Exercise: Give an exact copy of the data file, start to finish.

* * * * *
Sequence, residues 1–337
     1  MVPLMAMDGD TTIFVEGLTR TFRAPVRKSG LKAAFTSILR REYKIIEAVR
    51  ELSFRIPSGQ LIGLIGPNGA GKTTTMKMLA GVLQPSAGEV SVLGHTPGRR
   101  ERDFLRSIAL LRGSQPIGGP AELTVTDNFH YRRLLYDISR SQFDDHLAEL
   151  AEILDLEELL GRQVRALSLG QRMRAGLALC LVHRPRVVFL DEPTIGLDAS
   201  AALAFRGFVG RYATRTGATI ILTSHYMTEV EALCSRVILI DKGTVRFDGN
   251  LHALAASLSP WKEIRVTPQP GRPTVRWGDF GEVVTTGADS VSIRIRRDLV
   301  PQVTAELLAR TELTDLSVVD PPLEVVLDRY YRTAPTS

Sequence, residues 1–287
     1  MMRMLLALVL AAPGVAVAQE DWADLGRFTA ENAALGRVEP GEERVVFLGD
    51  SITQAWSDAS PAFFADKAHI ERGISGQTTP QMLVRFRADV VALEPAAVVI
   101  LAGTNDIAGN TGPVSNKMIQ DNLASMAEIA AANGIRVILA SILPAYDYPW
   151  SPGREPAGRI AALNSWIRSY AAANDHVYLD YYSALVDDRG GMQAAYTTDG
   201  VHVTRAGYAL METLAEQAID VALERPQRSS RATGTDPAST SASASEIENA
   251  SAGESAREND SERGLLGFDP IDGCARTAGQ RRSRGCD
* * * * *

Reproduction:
Sequence, residues 1–337
     1  MVPLMAMDGD TTIFVEGLTR TFRAPVRKSG LKAAFTSILR REYKIIEAVR
    51  ELSFRIPSGQ LIGLIGPNGA GKTTTMKMLA GVLQPSAGEV SVLGHTPGRR
   101  ERDFLRSIAL LRGSQPIGGP AELTVTDNFH YRRLLYDISR SQFDDHLAEL
   151  AEILDLEELL GRQVRALSLG QRMRAGLALC LVHRPRVVFL DEPTIGLDAS
   201  AALAFRGFVG RYATRTGATI ILTSHYMTEV EALCSRVILI DKGTVRFDGN
   251  LHALAASLSP WKEIRVTPQP GRPTVRWGDF GEVVTTGADS VSIRIRRDLV
   301  PQVTAELLAR TELTDLSVVD PPLEVVLDRY YRTAPTS

Sequence, residues 1–287
     1  MMRMLLALVL AAPGVAVAQE DWADLGRFTA ENAALGRVEP GEERVVFLGD
    51  SITQAWSDAS PAFFADKAHI ERGISGQTTP QMLVRFRADV VALEPAAVVI
   101  LAGTNDIAGN TGPVSNKMIQ DNLASMAEIA AANGIRVILA SILPAYDYPW
   151  SPGREPAGRI AALNSWIRSY AAANDHVYLD YYSALVDDRG GMQAAYTTDG
   201  VHVTRAGYAL METLAEQAID VALERPQRSS RATGTDPAST SASASEIENA
   251  SAGESAREND SERGLLGFDP IDGCARTAGQ RRSRGCD